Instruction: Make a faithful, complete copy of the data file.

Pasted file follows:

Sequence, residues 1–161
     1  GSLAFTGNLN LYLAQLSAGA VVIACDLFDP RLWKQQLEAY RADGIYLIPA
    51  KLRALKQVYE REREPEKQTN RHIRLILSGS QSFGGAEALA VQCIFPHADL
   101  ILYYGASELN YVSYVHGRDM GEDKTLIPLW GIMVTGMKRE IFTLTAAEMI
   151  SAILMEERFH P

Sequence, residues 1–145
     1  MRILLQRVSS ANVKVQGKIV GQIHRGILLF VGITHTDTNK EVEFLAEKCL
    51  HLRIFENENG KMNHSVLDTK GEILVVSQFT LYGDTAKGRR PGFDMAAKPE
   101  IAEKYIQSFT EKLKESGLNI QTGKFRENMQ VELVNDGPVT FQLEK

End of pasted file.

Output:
Sequence, residues 1–161
     1  GSLAFTGNLN LYLAQLSAGA VVIACDLFDP RLWKQQLEAY RADGIYLIPA
    51  KLRALKQVYE REREPEKQTN RHIRLILSGS QSFGGAEALA VQCIFPHADL
   101  ILYYGASELN YVSYVHGRDM GEDKTLIPLW GIMVTGMKRE IFTLTAAEMI
   151  SAILMEERFH P

Sequence, residues 1–145
     1  MRILLQRVSS ANVKVQGKIV GQIHRGILLF VGITHTDTNK EVEFLAEKCL
    51  HLRIFENENG KMNHSVLDTK GEILVVSQFT LYGDTAKGRR PGFDMAAKPE
   101  IAEKYIQSFT EKLKESGLNI QTGKFRENMQ VELVNDGPVT FQLEK